Glenn Gould: The Ecstasy and Tragedy of Genius by Peter Ostwald
Wednesday 08 October 1997
Glenn Gould's eccentricities were as famous as his playing. Indeed, they contributed to making that playing famous. He was a pianist with a unique, extreme style who gave up public performance to present himself solely through recordings. In the age of mechanical reproduction, Gould encouraged listeners to interfere with his recorded performances. To twiddle our dials, he said, would be to assert the value of "aesthetic narcissism".
"Gould managed to create a living legend of himself," the author of this new biography promisingly writes. Any writer on the Gould trail needs a touch of their subject's savvy and scepticism to get at all close. Peter Ostwald is aware of the complexities. But the symbolic frisson - the case of the real Gould, the virtual Gould, the disappearing Gould - is not his field. The solution to the Gould problem is to combine biographical data with "personal knowledge".
They first met backstage after a concert. "He was ill-at-ease, his face tense and there was some mild twitching of the muscles around his right eye, which detracted from an otherwise youthful, handsome appearance". Ostwald, who died shortly after completing the work, was a psychiatrist. His style, like Gould's polio, can be distinctly sub-clinical. The work's polemical edge is partly responsible: the author hoped his work might stimulate interest in the new speciality of of performing-arts medicine.
Gould was a deserving case, certainly. The name of every doctor, physician, chiropractor and even optician he consulted is dutifully recorded. Medical and psychological "postulations" are scattered through the text. Was Gould's crazy posture at the piano due to his sitting closely with his mother at the piano in early years? It seems plausible until Ostwald reveals that Gould's piano teacher, a Chilean of rigid habit, taught the position. Gould a case of Asperger's Disease? Perhaps. This variant of autism is associated with people gifted "in music, mathematics, drama, athletics, or art".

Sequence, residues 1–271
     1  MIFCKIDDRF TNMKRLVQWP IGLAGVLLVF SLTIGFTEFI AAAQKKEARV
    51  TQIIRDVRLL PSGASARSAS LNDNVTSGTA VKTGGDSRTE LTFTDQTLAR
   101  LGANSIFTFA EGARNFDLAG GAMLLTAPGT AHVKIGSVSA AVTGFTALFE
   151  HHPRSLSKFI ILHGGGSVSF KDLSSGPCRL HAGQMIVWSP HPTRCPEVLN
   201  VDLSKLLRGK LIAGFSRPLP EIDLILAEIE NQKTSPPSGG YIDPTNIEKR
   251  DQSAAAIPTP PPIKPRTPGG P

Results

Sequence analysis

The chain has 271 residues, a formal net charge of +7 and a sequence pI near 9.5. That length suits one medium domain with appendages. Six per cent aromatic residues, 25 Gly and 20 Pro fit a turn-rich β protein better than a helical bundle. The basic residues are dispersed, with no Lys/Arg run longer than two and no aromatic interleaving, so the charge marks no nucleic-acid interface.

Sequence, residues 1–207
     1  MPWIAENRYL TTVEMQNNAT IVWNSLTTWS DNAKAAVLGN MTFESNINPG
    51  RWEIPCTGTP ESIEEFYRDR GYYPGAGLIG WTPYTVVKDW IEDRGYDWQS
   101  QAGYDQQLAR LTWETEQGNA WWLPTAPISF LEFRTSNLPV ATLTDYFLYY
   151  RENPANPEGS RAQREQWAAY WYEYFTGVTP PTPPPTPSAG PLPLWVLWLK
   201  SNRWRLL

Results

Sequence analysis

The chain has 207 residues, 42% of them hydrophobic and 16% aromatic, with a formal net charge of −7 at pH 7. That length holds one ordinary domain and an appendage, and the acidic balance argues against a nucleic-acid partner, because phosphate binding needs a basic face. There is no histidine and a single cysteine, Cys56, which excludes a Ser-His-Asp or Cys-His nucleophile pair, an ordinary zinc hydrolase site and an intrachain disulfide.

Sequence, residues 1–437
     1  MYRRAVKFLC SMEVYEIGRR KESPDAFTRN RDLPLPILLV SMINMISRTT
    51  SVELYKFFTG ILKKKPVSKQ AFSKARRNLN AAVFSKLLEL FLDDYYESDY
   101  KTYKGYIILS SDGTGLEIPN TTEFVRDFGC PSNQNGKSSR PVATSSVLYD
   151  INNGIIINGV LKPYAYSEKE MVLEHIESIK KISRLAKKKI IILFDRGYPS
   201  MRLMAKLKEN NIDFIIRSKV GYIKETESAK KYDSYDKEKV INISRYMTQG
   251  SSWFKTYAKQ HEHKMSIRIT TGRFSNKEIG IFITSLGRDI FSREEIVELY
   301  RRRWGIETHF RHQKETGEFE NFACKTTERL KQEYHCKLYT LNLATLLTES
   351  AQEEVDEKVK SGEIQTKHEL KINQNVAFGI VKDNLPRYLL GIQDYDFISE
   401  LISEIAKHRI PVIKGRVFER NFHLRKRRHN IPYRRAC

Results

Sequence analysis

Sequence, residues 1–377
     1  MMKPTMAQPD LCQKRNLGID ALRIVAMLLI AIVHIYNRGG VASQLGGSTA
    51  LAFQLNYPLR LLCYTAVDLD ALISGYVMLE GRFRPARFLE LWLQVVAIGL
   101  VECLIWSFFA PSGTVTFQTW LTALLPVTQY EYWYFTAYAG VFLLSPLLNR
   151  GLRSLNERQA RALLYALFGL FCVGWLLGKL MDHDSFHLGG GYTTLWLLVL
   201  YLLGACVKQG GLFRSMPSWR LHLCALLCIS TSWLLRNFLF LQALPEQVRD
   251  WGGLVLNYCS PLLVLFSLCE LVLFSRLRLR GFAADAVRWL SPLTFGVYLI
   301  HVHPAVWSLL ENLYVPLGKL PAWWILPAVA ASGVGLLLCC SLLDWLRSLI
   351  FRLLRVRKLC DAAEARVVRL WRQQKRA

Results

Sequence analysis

Ostwald considered Gould his friend but friendship, it seems, was not a Gould speciality. For 10 years the two did not meet. Shortly before Gould's death, aged 50 in 1982, there was one brief encounter, but the atmosphere was sour. Gould's sole communication thereafter was his Christmas card, which "always arrived late". The note of wounded amour propre is unsettling. The revelation that author and subject met just once in the last 15 years of the subject's life is rather more so.
WW Norton, pounds 20
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